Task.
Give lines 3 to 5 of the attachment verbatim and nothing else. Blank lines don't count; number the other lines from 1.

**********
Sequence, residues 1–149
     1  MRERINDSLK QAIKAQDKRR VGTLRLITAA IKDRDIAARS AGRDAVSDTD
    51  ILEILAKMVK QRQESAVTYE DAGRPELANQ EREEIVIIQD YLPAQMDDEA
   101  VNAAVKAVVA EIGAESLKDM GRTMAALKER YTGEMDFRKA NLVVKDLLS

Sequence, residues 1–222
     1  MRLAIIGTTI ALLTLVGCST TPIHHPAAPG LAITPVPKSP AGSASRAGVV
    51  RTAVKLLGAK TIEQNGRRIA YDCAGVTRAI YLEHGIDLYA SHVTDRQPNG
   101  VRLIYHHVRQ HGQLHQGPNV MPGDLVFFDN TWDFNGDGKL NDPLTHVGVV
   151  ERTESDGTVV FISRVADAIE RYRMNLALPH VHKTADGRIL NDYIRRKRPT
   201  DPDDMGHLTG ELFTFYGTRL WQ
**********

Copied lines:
    51  ILEILAKMVK QRQESAVTYE DAGRPELANQ EREEIVIIQD YLPAQMDDEA
   101  VNAAVKAVVA EIGAESLKDM GRTMAALKER YTGEMDFRKA NLVVKDLLS

Sequence, residues 1–222